none can compare with you!
I will proclaim and tell of them,
    yet they are more than can be told.

 In sacrifice and offering you have not delighted,
    but you have given me an open ear.
Burnt offering and sin offering
    you have not required.
 Then I said, “Behold, I have come;
    in the scroll of the book it is written of me:
I delight to do your will, O my God;
    your law is within my heart.”

 I have told the glad news of deliverance
    in the great congregation;
behold, I have not restrained my lips,
    as you know, O Lord.
 I have not hidden your deliverance within my heart;
    I have spoken of your faithfulness and your salvation;
I have not concealed your steadfast love and your faithfulness
    from the great congregation.

 As for you, O Lord, you will not restrain
    your mercy from me;
your steadfast love and your faithfulness will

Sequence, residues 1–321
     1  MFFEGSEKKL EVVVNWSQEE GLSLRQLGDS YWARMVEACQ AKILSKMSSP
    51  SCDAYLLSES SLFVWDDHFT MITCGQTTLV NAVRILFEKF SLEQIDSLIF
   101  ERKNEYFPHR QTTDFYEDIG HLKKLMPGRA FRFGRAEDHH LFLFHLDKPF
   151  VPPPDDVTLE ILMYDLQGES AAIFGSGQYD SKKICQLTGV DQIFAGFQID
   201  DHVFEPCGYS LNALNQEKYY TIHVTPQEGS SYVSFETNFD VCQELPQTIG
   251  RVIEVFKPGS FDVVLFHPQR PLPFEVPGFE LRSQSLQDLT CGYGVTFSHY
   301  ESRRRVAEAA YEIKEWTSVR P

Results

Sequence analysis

ever preserve me!

Isn’t it amazing, how God is able to use so many human authors to say the same thing over and over? Isn’t it strange that a man would tie on his sandals and walk out onto the dusty roads of ancient Israel and be the very person, the Lamb promised from the very first moments of the world all shiny and new? I wonder how God would do that? How could he say what he wanted to say? Why would he have so many words written about the Lamb—himself—who comes to take away your sins?

But Stanley thinks that some of it isn’t “true.” By implication, he would like you to trust him to tell you which is which. When you are facing a house of cards, someone has to be clever enough to stand them up in a certain order so that they don’t fall down. He wants you to let him be our guide in the construction of that house.

Trouble is, Andy Stanley isn’t Jesus and doesn’t love you with a steadfast and faithful love that’s strong enough to save you. He isn’t the Lamb. His blood will not do anything for you. All he has is a screen and some incredible marketing.

So anyway, go to church…one where you’ll hear someone tell you the truth and offer you the Bread and Wine and the Word that will bring you to salvation.

Photo by Sigmund on Unsplash